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Response (2) to "Some Lessons From the Last Football Match"

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  • NamoAmituofo
    ... Response to http://groups.yahoo.com/group/TheDailyEnlightenment/message/537 ... Response (2) to Some Lessons From the Last Football Match KL: Thanks
    Message 1 of 1 , Jul 21, 2006

      Response to http://groups.yahoo.com/group/TheDailyEnlightenment/message/537
      Response (2) to "Some Lessons From the Last Football Match"

      KL: Thanks Shian, for continually coming up with contemporary issues in your writings. :)

      SS: Thanks for finding it interesting :-]

      KL: Would like to share whats going through my mind when I read your article on the Zidane-Materazzi issue. I find your article, as often the case for many Buddhists, too outwardly analytical and judgemental.

      SS: Hmmm... I just read the whole article again... Seems okay to me. Maybe whether it is overly analytical and judgemental is subjective? (I got praise mail for the article too.) Not sure if you clicked [continues here...to see the rest of the article at http://groups.yahoo.com/group/zeph/message/991

      KL: We as Buddhists, often have this habit of using the Dharma knowledge and insights that we hold to judge whats happening around us. Perhaps because Dharma provides us with answers in all aspects of life and gladly encouraged to see and make sense of happenings through the lens of Dharma. You did mention about not pointing fingers. Yet, judging and making sense is only a thin line.

      SS: Yes indeed. Incidentally, I came across someone online a few days ago, who was apparently so judgemental (Yes, I'm unfortunately judging here!), that he felt another person to be judgemental, while this judged person is himself apparently sure of himself not being judgemental. Ironicial indeed. I don't know which person was the judgemental one. It can be paradoxical at times. Maybe both were being judgemental. Sometimes, we perceive someone to be of a certain way, because we happen to be of that certain way too. The world is a mirror of our perception. But of course, those with extremely faulty perception will not readily percieve this truth.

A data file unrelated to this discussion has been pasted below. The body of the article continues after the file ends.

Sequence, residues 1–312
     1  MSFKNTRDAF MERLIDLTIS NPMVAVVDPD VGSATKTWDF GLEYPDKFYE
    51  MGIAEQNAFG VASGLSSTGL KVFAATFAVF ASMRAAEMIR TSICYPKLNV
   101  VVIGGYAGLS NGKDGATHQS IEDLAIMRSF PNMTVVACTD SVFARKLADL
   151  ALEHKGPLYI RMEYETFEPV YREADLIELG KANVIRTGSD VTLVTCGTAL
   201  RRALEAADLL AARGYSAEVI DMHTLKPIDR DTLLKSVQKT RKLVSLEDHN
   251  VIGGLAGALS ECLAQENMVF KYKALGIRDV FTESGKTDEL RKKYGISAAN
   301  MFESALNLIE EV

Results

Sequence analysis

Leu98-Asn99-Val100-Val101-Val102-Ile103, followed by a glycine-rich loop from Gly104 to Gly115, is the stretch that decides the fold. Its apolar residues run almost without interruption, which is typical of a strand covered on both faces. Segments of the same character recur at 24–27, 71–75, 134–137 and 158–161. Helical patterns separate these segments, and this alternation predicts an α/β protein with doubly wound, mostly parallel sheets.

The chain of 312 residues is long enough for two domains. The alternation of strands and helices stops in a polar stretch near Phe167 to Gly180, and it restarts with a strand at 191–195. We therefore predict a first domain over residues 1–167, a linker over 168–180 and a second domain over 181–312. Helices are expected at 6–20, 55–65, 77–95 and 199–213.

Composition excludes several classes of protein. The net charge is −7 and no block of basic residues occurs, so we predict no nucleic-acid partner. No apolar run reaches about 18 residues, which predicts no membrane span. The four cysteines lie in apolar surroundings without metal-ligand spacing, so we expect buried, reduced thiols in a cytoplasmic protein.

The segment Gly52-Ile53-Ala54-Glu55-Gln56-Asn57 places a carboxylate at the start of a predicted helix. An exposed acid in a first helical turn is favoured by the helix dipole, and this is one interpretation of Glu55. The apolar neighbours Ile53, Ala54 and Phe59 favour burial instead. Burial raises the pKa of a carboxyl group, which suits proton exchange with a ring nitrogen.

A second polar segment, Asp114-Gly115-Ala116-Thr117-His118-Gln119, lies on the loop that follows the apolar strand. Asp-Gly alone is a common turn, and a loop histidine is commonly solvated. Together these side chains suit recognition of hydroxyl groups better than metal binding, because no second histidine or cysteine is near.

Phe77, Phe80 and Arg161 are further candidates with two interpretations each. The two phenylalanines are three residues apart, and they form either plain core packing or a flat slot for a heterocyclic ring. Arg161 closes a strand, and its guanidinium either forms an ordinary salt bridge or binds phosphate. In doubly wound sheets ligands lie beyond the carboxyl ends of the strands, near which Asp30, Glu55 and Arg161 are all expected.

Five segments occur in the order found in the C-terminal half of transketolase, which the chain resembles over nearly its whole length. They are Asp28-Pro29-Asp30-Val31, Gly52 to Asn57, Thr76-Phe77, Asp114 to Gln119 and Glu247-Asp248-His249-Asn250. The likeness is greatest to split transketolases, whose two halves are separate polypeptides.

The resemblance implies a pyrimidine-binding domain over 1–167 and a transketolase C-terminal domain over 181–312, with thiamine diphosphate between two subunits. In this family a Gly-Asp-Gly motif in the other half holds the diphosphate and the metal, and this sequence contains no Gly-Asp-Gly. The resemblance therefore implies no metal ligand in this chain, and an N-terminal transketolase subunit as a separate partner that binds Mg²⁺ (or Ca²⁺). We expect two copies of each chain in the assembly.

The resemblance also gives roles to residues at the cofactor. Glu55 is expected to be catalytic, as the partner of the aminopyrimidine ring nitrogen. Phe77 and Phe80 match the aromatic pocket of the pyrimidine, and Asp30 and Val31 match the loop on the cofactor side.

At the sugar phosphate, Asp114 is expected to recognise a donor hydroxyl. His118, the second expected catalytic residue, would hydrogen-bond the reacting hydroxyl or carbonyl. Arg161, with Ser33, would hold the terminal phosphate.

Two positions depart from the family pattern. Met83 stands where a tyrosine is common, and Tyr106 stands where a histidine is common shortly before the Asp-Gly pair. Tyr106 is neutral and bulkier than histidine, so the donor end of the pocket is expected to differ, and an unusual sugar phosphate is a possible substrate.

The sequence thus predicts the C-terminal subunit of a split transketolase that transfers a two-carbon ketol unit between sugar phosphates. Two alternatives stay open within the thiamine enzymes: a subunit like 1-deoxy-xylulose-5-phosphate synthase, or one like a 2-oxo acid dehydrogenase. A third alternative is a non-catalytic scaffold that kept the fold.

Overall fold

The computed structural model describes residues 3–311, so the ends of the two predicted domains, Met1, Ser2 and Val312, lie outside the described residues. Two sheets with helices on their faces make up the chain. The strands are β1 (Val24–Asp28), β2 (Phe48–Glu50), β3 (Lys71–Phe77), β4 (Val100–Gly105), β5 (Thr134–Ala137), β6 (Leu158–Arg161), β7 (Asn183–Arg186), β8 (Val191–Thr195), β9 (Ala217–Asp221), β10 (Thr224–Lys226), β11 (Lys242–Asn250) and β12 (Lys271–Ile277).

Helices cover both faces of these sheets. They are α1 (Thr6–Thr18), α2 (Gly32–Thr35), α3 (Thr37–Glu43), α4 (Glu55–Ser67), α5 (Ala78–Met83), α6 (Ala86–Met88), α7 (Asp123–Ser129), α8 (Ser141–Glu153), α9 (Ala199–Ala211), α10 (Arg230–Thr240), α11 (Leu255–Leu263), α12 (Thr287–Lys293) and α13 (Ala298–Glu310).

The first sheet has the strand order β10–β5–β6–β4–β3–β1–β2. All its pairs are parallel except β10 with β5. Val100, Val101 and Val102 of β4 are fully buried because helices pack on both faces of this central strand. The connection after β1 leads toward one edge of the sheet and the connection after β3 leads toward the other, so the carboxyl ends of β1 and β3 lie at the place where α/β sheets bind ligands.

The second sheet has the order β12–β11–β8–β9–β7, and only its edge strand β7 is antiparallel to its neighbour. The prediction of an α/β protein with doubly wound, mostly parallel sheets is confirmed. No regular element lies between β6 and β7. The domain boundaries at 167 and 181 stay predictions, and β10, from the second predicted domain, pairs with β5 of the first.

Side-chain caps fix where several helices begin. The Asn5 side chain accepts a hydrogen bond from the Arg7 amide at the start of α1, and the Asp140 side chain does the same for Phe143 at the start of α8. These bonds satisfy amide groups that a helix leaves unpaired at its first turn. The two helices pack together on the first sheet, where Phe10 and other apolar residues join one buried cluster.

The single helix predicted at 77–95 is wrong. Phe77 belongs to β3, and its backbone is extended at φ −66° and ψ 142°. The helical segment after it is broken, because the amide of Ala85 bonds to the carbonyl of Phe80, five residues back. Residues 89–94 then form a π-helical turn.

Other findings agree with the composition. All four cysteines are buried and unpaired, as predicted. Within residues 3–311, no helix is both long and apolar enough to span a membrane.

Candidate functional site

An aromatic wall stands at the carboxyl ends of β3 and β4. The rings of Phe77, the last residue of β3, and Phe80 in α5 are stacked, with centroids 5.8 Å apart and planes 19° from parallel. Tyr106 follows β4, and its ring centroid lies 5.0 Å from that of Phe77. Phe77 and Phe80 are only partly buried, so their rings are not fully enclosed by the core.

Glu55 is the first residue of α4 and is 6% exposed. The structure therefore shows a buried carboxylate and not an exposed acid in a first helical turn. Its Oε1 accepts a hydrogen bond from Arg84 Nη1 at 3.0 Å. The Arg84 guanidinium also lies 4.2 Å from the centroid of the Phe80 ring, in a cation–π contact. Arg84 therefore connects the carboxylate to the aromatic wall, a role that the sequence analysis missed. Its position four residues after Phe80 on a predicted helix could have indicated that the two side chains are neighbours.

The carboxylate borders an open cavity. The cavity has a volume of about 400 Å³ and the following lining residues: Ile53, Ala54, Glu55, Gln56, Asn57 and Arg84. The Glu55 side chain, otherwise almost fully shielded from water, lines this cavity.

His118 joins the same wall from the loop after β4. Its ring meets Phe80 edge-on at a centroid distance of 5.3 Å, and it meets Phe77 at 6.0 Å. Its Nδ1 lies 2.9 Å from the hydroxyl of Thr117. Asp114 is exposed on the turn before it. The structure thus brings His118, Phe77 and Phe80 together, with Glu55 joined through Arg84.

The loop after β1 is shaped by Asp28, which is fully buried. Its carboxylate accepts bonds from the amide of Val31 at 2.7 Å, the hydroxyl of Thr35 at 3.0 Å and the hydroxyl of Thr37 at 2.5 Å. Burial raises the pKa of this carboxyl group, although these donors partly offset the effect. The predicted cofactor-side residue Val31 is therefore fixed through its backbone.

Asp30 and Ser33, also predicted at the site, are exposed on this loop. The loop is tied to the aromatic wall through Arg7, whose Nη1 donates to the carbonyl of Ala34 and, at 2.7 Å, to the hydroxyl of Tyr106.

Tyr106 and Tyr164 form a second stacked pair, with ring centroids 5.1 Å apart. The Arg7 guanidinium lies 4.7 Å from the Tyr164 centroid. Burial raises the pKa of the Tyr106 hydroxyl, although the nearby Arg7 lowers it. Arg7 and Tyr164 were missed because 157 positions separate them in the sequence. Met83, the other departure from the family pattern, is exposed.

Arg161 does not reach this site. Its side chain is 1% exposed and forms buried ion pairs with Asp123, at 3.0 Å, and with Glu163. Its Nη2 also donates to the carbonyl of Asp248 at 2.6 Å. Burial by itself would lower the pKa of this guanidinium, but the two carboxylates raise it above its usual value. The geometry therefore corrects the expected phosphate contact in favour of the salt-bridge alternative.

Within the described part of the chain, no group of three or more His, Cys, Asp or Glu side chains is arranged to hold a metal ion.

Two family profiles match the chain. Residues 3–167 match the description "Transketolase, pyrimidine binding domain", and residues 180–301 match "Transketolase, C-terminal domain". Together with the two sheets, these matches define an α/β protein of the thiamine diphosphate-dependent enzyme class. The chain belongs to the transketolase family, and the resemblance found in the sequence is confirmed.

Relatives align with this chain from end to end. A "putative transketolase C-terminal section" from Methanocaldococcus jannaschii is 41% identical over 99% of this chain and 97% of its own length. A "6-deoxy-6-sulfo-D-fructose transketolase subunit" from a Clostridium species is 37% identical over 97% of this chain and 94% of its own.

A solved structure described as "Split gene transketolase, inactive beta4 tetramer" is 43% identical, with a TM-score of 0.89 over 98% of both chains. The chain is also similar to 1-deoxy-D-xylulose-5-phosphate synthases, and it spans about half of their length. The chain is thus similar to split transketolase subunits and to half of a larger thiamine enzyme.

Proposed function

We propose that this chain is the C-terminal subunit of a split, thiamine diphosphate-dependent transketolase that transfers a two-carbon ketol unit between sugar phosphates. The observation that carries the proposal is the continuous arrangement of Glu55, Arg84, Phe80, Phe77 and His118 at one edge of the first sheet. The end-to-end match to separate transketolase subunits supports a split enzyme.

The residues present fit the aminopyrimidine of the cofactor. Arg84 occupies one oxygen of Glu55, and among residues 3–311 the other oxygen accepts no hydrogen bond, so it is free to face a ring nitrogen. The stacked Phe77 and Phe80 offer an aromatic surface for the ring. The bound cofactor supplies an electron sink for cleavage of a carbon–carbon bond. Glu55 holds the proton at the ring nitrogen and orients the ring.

KL: The Dharma as medicine is used for purifying our defilements, not as a code through which we judge the external world and its people.

      SS: Yes, the Dharma is medicine for purification. But we can share medicine too, by pointing out defilements and suggesting cures. If many people are bickering over a contentious issue worldwide, should we remain absolutely silent? Doesn't seem too socially engaged or helpful... The Buddha himself does speak up to right wrongs - on massive scales too. For instance, he actively spoke against the unfair tradition of the caste system. He was against an ingrained social norm. Was he judging the external world and its people? I think it is alright if we speak up with good intentions in a gentle and beneficial manner.

      KL: My personal response to the Zidane-Materazzi issue is to turn it into our own Dharma practice in twofold: See this whole incident as a real life Dharma lesson to me on anger.

      SS: Agree totally. This is the nature of the article. Eg. there are statements in the article like "The cause of anger is from within us, never without."

      KL: Serve as a powerful reminder of the destructive and terrible nature of anger. Therefore, to practice patience more conscientiously.

      SS: Agree totally too. This was reflected in statements in the article like "'A spur of anger can burn away a forest of merits.' Such is the potentially destructive power of anger." & "Standing up for one's dignity does not require brute force - especially when only one's pride is hurt, with no endangering of one's life." There was also speak of being gentlemanly.